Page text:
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MUSC pediatrician: ‘Parents who are worried about the vaccine should be worried about COVID’

Published: Nov. 3, 2021 at 1:01 PM EDT|Updated: Nov. 3, 2021 at 2:35 PM EDT
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CHARLESTON, S.C. (WCSC) - A pediatric medicine expert from MUSC stressed the COVID-19 vaccine’s safety, even in young children.

Dr. Allison Eckard, MUSC’s division director for pediatric infectious diseases, said she is much more concerned about the longterm effects of having COVID than about “theoretical risks” of an mRNA vaccine.

“It degrades very rapidly once it enters the body. It does not interact with anybody’s DNA,” she said. “You cannot get COVID from the vaccine you cannot give COVID to anyone else. And as soon as I have a minute to spare from my busy schedule, I will get my children vaccinated.”

She called COVID different from everything doctors have ever seen.

“It is not the common cold it is even worse than influenza. And so parents who are worried about the vaccine should be worried about COVID,” she said.

Speaking Wednesday afternoon during a briefing about the vaccine, she said the main reason people are hesitant to get the vaccine is that they think the process was rushed or because they think we are still learning about the vaccine.

While she acknowledged that it takes decades to learn fully about any infection or vaccine, she insisted this particular type of vaccine has been in development for decades and “no steps were skipped in the approval process except the red tape and the bureaucracy.”

“So we have followed the data very closely and we feel good about the data,” Eckard said. “It is highly effective in preventing COVID in children and in adults, but it’s safe to and what we always balance in medicine is the risks and the benefits of everything.”

She also addressed parents’ concerns about myocarditis, a side effect reported in rare cases from the vaccine and from a COVID-19 infection.

“One thing that we hear a lot about is this risk of post-vaccine myocarditis, and while that risk is real, it is minuscule on the percentage of about .00001% risk,” she said. “But what we do see much more frequently is myocarditis after COVID or associated with COVID and particularly with Multisystem Inflammatory Syndrome in Children, which is much more common than the post-vaccine myocarditis that people talk about. So just like everything in medicine, we balanced the risks and benefits and we feel strongly that the benefits of getting vaccinated even in this younger age group, far outweigh any very small risk of a serious side effect.”

MUSC Child Life Manager Betsy McMillan urged parents to talk to their children about the vaccine but said it should be presented as a positive thing.

“One thing that parents can talk to children about is that they are going to have this great opportunity just like Mom and Dad did, or maybe an older brother or sister or other family members, and how we wore masks for so long to be safe and now this vaccine is just the next step so we won’t have to wear masks and still feel safe and keep others safe as well,” she said.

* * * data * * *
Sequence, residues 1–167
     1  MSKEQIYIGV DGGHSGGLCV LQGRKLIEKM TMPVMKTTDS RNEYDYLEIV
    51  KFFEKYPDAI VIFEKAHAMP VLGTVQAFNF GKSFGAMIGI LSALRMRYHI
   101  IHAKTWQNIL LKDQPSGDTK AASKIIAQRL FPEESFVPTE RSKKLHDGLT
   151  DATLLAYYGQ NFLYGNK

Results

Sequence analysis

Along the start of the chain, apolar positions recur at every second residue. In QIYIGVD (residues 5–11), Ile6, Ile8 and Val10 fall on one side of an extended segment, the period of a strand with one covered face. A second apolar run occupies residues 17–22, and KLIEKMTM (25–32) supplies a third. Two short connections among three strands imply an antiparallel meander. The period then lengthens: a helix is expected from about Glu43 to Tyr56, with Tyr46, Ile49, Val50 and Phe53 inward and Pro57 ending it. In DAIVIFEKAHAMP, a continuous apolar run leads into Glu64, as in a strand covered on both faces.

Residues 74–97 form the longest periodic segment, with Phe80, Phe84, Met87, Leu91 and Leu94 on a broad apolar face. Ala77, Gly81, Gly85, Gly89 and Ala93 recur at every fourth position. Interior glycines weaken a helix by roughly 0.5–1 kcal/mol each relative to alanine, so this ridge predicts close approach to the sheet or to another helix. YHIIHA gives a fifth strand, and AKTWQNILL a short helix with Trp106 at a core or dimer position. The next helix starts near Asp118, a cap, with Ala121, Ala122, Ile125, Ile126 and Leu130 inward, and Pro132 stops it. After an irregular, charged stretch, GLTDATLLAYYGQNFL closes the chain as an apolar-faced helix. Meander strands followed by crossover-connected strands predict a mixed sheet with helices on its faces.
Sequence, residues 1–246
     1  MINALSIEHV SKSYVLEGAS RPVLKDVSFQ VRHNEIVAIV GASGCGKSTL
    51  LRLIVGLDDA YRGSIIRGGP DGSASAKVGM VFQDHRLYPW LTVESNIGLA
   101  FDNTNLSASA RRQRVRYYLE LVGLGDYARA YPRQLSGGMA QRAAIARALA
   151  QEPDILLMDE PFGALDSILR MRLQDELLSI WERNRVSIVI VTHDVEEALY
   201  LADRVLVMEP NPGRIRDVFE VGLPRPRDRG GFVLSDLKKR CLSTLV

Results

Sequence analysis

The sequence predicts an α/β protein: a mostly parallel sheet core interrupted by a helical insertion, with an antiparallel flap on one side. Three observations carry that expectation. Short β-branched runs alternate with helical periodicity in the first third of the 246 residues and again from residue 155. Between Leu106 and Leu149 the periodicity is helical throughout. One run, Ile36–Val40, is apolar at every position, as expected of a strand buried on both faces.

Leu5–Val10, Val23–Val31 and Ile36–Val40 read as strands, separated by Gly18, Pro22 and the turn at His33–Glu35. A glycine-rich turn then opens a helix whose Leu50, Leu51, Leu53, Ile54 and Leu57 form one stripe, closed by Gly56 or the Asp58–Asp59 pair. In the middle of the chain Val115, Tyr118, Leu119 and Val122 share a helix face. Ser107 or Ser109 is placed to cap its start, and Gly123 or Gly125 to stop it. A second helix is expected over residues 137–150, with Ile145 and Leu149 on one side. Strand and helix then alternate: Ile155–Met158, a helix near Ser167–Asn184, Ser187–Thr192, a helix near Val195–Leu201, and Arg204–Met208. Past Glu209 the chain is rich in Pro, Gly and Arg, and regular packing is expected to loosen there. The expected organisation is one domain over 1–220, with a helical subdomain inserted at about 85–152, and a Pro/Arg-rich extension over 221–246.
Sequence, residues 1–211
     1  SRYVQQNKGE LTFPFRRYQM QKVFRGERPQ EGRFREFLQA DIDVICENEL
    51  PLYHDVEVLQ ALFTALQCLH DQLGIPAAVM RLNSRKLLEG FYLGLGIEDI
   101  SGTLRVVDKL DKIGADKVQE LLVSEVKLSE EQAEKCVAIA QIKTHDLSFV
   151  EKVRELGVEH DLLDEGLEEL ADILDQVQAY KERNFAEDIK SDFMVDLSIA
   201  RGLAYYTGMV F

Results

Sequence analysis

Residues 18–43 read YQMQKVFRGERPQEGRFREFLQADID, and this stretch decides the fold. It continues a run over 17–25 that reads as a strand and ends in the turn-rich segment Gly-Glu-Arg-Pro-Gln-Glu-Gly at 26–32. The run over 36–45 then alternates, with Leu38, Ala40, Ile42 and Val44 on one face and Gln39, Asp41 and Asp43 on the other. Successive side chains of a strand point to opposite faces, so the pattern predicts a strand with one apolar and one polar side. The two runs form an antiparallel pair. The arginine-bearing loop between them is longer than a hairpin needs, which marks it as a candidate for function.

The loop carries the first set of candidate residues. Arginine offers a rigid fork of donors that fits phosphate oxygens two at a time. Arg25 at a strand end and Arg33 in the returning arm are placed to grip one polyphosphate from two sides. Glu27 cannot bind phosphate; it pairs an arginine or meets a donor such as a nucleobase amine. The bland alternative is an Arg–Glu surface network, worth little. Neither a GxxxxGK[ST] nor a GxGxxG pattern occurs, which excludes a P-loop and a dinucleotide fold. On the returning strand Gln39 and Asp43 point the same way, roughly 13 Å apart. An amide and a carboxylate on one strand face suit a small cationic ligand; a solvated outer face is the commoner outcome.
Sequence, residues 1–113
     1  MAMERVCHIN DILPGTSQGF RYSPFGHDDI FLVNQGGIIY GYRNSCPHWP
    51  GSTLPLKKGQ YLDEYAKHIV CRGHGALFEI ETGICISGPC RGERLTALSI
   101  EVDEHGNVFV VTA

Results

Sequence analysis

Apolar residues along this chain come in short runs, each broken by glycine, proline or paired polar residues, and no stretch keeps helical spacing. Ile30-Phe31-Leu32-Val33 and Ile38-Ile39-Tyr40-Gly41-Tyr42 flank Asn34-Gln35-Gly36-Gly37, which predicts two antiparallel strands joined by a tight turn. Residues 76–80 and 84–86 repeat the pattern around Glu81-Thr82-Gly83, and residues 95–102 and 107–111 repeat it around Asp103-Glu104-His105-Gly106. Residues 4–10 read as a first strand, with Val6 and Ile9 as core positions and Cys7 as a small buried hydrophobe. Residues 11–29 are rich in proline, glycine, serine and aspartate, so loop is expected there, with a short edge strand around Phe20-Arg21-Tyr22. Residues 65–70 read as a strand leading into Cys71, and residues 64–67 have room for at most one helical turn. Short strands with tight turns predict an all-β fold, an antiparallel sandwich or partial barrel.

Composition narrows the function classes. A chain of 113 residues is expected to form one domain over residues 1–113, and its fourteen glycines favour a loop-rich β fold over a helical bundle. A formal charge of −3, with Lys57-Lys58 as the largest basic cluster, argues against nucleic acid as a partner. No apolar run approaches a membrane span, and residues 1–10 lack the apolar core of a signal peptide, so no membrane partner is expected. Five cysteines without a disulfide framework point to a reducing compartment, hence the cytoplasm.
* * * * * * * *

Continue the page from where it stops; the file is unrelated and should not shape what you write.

The childhood dose of Pfizer’s COVID-19 vaccine will be one-third the dose approved for teens and adults. Like the adult version, the vaccine is a two-dose shot. The childhood version’s second dose should be given three weeks after the first.

Spokesperson Carter Coyle said MUSC would be working with Charleston County School District beginning the week of Nov. 15 to administer the vaccine to eligible age groups. MUSC has ordered 3,900 doses of the Pfizer COVID-19 pediatric doses.

Eckard said some of the long-term effects people fear from the vaccine are based on misinformation and have no “pathophysiological reason that those [effects] would be associated with the vaccine.”

“So you have to be very careful with where you get your information and we really encourage you to reach out to your pediatrician or healthcare provider that you have a good relationship with who can discuss the risks and benefits for your individual child,” she said.

She also refuted claims she has heard used to justify not getting a child vaccinated.

“You know I looked up some data recently about car accidents and car deaths in children because I’ve heard is more likely to die in a car accident than it is to die of COVID that is absolutely not true,” she said. “It is more likely for children to die of COVID than it is to die in a car crash and the majority of children who died in a car crash were unrestrained. And so I think of that similarly to the vaccine is that is our prevention. That is our way of keeping kids out of the hospital and having severe illness the same way that we would not put our child in the car without properly restraining them.”

U.S. health officials on Tuesday gave the final signoff to the Pfizer vaccine, a milestone that opens a major expansion of the nation’s vaccination campaign to children as young as 5.

CDC director Dr. Rochelle Walensky came only hours after an advisory panel unanimously decided Pfizer’s shots should be opened to the 28 million youngsters in that age group.

“As a mom, I encourage parents with questions to talk to their pediatrician, school nurse or local pharmacist to learn more about the vaccine and the importance of getting their children vaccinated,” Walensky said Tuesday night in a statement. “There are children in the second grade who have never experienced a normal school year. Pediatric vaccination has the power to help us change all of that.”

Children who get vaccinated before Thanksgiving will be fully covered by Christmas.

Copyright 2021 WCSC. The Associated Press contributed to this report. All rights reserved.